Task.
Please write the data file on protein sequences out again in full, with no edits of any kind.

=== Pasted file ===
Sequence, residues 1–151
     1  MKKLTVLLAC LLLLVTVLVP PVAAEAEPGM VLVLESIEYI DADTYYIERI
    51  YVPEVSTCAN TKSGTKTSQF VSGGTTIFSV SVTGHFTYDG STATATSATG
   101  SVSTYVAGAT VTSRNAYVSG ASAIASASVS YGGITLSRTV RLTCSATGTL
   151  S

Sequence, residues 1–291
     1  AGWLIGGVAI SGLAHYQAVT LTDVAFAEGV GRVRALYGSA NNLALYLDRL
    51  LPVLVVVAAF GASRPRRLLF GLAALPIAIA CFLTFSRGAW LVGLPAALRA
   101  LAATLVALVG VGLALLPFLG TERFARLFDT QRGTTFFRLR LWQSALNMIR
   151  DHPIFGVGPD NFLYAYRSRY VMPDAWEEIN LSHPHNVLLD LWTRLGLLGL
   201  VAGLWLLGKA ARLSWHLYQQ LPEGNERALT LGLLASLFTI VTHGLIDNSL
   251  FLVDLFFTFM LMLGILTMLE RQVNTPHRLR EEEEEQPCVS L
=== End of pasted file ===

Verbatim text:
Sequence, residues 1–151
     1  MKKLTVLLAC LLLLVTVLVP PVAAEAEPGM VLVLESIEYI DADTYYIERI
    51  YVPEVSTCAN TKSGTKTSQF VSGGTTIFSV SVTGHFTYDG STATATSATG
   101  SVSTYVAGAT VTSRNAYVSG ASAIASASVS YGGITLSRTV RLTCSATGTL
   151  S

Sequence, residues 1–291
     1  AGWLIGGVAI SGLAHYQAVT LTDVAFAEGV GRVRALYGSA NNLALYLDRL
    51  LPVLVVVAAF GASRPRRLLF GLAALPIAIA CFLTFSRGAW LVGLPAALRA
   101  LAATLVALVG VGLALLPFLG TERFARLFDT QRGTTFFRLR LWQSALNMIR
   151  DHPIFGVGPD NFLYAYRSRY VMPDAWEEIN LSHPHNVLLD LWTRLGLLGL
   201  VAGLWLLGKA ARLSWHLYQQ LPEGNERALT LGLLASLFTI VTHGLIDNSL
   251  FLVDLFFTFM LMLGILTMLE RQVNTPHRLR EEEEEQPCVS L